in opening argument, that the gov
ernment proposed to show that Wil-!
hamson and the other defendants
entered into a conspiracy to suborn
100 persons and cause them illegal
ly to obtain from the government
valuable pasture lands in Eastern
Oregon. The district attorney stat
ed that of these 100, forty-four se
cured claims and that other patents
wera pending as the' indictments
were returned.
H. S. Wilson, attorney for the
defendants, asseited that there had
been no conspiracy. He stated that
Williamson and Gessner, 'j in
order to secure pasturage for stock,
bad offered to advance money to
the settlers to come into the .coun
try and take up the claims. He
Russia Wants Roumania to Break
Word and Give Them Up
Pledges of Safety Was Giv
en Them Naval Bat
talions Mutiny
Riots in Many .
Odessa, July 8. Vice-Admiral
Choukcia, when informed of the
surrender of the Knias Potemkin,
dispatched two warships and six
torpedo boats to Kusterji to take
over the battleship.
been smashed by the mutineers, and
everything inside the building has
been destroyed.
The situation is serious. All tbe
officers of the battalions and of the
district have been summoned to
their poets.
Berlin, July 9. A report is in
circulation- here that the Roumani
an governmenthas asked the powers
to -advise what treatment shall
he accorded the crew of the Russian
Battleship Kniaz Potemkin, which
mutinied and who surrendered to
the Roumanian government today.
Russia demanded that the crew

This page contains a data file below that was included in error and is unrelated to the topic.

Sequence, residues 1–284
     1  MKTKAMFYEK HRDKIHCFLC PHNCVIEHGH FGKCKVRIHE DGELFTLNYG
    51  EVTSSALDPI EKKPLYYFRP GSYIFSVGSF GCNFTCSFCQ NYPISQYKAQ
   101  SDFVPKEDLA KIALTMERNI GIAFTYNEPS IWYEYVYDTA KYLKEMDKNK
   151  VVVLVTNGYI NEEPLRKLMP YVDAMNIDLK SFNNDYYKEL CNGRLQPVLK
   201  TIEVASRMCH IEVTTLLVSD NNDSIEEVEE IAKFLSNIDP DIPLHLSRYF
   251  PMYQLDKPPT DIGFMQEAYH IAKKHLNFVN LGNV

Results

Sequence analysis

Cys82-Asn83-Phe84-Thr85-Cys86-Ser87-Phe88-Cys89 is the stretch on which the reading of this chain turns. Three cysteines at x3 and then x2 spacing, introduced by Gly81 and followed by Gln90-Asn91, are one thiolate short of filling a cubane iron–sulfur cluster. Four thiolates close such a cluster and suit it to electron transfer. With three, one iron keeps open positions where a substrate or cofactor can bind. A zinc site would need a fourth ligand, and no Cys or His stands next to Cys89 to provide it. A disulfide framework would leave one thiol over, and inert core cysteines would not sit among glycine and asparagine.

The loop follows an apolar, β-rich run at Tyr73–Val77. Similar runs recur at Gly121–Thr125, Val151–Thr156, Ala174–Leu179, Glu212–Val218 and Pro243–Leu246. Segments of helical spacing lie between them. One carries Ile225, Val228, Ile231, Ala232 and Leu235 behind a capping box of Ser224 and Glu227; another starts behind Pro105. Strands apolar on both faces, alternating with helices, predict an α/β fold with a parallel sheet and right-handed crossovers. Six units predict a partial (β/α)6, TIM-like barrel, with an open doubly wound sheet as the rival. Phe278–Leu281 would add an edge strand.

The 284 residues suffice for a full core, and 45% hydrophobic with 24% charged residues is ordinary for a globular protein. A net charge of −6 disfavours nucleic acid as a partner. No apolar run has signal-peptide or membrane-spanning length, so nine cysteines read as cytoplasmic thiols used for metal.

be surrendered to her; Austria and
Germany advised Roumania to give
them to Russia, while England,
France and Italy advised their liberation.
the vessel be delivered to the -Rus
sian authorities without raising any laseertfid . that the : defendants- had
i rr 1 . I i 1 I 1 I . I 1
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Good Things For Eatirrg
Always Fresh from the
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Sweet and sour, Hienzes
bottle and bulk.
Fresh and always direct
from the hens. '
See bur Garden
Truck, nothing Tnit best,
grown by good gardeners
The best canned Fruits and Vegetables on the market
All appeal to the thrifty housewife who wants the very best
groceries for the least money,
The torpedo boat" which accom-
ranied the Kniaz Potemkin, . how
ever, lett tor Udessa, without sur
rendering, declaring that she bad
not mutinied, but that the Kniaz
Potemkin bad forced her to follow.
Admiral Krugtr arrived with his
squadron this morning, and, after
exchanging the customary salutes,
intimated that he had come to ar
range for the transfer of the Knias
Potemkin. Admiral , Koslinski,
commander of the - Roumanian
squadron, bonded the Russian bat
tle ship Tchesme and informed Ad
miral Kruger that King Charles
had ordered him to turn the vessel
over to the Russian Admiral. The
formalities of the transfer were
completed this afternoon, and Ad
miral Kruger boarded the Kniaz
The Associated Press representa
tive inspected the Knias Potemkin
attar the withdrawal of the Rouma
nian guard. Despite the efforts of
the Rumanians to get things in
ship-shape 01 board, the battleship
waB in a state of wild disorder.
The officers' cabins were stripped of
everything of valup,and bloodstains